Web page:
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English String Miniatures Vol.


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Product Details


1. Scherzo
2. Nocturne
3. March
4. Chacony In G Minor, Z.730
5. Rosa Mundi
6. Prelude
7. Air
8. Dance
9. Song
10. Finale
11. Bethlehem Down
12. Cuckmere Haven
13. Cornish Air
14. The Hunt Gathering
15. Waltz In E Minor
16. Molto Lento
17. Mesto E Semplice
18. Overture
19. Ballade
20. Dance-Finale

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Amazon.com: 6 reviews
17 of 17 people found the following review helpful
Yet More Wonderful English String Orchestra Music Sept. 26 2006
By J Scott Morrison - Published on Amazon.com
Format: Audio CD
In a review of a previous issue in this ongoing series of releases from Naxos of 'English String Miniatures' -- this one is Vol. 6 -- I wrote, "If there was ever any doubt that the English have been masters of writing for the string orchestra, there shouldn't be any now." I can't think of another nation's composers who have done so much for the genre.

In this CD we get music of Holst, Purcell, Peter Warlock, William Lloyd Webber, Paul Lewis (b.1943), Adam Carse (1878-1958), Paul Carr (b.1961), Lionel Sainsbury (b.1958) and Malcolm Lipkin (b.1932). And a wonderful lot it is. Probably the most familiar work here is Purcell's 'Chacony in G Minor' in its arrangement for strings by Benjamin Britten. It is essentially a passacaglia on an interesting and relatively complex ground bass. Why oh why don't we more often hear this one in place of the ubiquitous (misnamed) Canon of Pachelbel? The Royal Ballet Sinfonia (of Birmingham) under Gavin Sutherland play with crisp, clean articulation combined with suavely lush string sound, as in all the other works presented here. Lovely.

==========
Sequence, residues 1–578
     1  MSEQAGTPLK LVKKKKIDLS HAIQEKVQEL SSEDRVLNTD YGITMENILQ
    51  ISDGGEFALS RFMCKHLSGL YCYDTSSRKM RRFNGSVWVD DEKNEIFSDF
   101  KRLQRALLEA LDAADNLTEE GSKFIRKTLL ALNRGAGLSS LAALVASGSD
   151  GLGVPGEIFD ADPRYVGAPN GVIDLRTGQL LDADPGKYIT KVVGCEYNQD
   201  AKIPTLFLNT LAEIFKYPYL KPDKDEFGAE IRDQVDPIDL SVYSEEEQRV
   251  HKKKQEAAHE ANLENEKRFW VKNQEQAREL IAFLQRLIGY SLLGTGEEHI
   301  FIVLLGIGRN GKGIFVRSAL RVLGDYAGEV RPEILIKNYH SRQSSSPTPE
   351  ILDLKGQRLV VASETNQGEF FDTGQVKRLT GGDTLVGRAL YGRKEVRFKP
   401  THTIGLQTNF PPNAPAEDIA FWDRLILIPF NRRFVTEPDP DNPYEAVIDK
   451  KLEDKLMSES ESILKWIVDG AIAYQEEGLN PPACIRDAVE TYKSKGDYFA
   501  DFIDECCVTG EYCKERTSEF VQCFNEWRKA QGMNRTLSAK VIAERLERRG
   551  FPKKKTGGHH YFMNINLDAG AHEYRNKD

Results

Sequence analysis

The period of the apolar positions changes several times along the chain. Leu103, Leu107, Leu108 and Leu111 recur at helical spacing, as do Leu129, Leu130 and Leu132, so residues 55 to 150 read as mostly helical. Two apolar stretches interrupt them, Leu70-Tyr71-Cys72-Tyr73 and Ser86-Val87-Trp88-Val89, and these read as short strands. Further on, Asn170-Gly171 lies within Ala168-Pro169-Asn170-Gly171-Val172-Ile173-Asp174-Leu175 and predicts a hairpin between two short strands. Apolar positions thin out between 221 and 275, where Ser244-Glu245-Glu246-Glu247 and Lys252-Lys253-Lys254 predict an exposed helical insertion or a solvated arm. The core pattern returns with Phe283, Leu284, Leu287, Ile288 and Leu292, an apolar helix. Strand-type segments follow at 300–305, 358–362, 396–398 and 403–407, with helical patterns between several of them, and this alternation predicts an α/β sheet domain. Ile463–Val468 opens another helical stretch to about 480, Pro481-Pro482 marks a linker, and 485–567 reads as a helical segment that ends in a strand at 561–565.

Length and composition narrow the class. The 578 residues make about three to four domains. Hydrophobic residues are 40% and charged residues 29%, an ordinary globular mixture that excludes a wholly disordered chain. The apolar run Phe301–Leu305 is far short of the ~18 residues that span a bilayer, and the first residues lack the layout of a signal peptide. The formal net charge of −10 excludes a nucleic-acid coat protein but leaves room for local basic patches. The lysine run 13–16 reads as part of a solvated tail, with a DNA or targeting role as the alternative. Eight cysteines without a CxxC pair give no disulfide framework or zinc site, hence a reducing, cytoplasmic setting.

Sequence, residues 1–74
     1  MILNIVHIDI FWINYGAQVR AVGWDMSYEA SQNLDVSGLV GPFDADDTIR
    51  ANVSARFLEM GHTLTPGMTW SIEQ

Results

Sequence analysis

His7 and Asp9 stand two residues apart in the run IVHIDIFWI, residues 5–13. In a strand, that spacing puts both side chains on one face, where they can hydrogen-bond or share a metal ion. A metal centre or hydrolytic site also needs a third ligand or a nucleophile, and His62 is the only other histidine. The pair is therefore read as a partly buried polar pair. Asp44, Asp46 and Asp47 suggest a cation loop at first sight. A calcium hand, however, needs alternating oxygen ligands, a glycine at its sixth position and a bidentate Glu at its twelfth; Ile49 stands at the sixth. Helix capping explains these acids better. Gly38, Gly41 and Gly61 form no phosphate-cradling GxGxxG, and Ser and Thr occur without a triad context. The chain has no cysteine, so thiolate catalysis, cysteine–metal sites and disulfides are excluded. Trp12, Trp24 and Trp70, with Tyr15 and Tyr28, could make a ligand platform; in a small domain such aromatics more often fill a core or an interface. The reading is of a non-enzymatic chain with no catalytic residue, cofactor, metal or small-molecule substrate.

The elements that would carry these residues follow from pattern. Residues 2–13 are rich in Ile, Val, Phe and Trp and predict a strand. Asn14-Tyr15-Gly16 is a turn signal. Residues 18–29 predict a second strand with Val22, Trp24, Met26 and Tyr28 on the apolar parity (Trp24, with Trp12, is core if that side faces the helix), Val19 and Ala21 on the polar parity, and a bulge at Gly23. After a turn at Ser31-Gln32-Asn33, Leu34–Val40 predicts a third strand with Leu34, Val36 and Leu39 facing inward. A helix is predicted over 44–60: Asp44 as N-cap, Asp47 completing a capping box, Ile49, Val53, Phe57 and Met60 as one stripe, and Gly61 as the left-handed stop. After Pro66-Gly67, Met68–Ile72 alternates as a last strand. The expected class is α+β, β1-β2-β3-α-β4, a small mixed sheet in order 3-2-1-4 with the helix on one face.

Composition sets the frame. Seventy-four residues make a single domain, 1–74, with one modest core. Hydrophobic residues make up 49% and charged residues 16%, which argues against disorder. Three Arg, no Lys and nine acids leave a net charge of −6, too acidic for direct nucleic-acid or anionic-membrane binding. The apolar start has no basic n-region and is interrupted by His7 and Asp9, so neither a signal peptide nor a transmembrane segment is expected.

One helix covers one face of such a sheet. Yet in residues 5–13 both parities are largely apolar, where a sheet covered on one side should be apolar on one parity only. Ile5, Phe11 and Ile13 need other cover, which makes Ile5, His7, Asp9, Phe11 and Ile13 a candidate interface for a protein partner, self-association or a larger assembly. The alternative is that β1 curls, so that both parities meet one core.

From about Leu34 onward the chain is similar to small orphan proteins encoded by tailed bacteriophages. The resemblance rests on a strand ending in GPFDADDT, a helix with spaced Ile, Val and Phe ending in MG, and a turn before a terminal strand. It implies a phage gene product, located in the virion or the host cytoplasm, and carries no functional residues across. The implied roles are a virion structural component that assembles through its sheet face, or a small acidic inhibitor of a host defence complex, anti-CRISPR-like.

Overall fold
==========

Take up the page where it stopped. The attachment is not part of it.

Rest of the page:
Holst is represented by his 'A Moorside Suite', a three-movement work arranged by Philip Lane (who also arranged Warlock's 'Bethlehem Down.') It is typical modal Holst with catchy rhythms and tunes. Adam Carse is best known for his pedagogical works for young string players but his 'Winton Suite' is for grown-ups. It is a collection of five pieces -- Prelude, Air, Dance, Song, Finale -- which are in a modernized baroque style. 'Song', a kind of concertante for violin, cello and strings, is utterly lovely. Warlock's Christmas carol, 'Bethlehem Down' (1927) is presented here in Philip Lane's more or less straight arrangement. Lovely legato playing throughout; this Royal Ballet Sinfonia is good!

Carr has primarily been a composer for television. His 'A Very English Music' (2002), a 'paean to the English countryside' has three movements: Cuckmere Haven, Cornish Air, and The Hunt Gathering. The latter portrays a Yorkshire Boxing Day hunt 'with supporters, protesters, huntsmen and maybe even the old fox.' There couldn't be a more contemporary comment on English country life than that! William Lloyd Webber, probably best known for his two musical sons, was primarily a composer of church music but he also wrote a fair amount of concert music. His 'Waltz in E Minor' (1939) is a graceful four-minute work that conjures up dancers in formal attire gliding across the floor. Not Viennese, not rustic -- very sophisticated harmonies, much use of divisi strings, and a slightly melancholic undertone.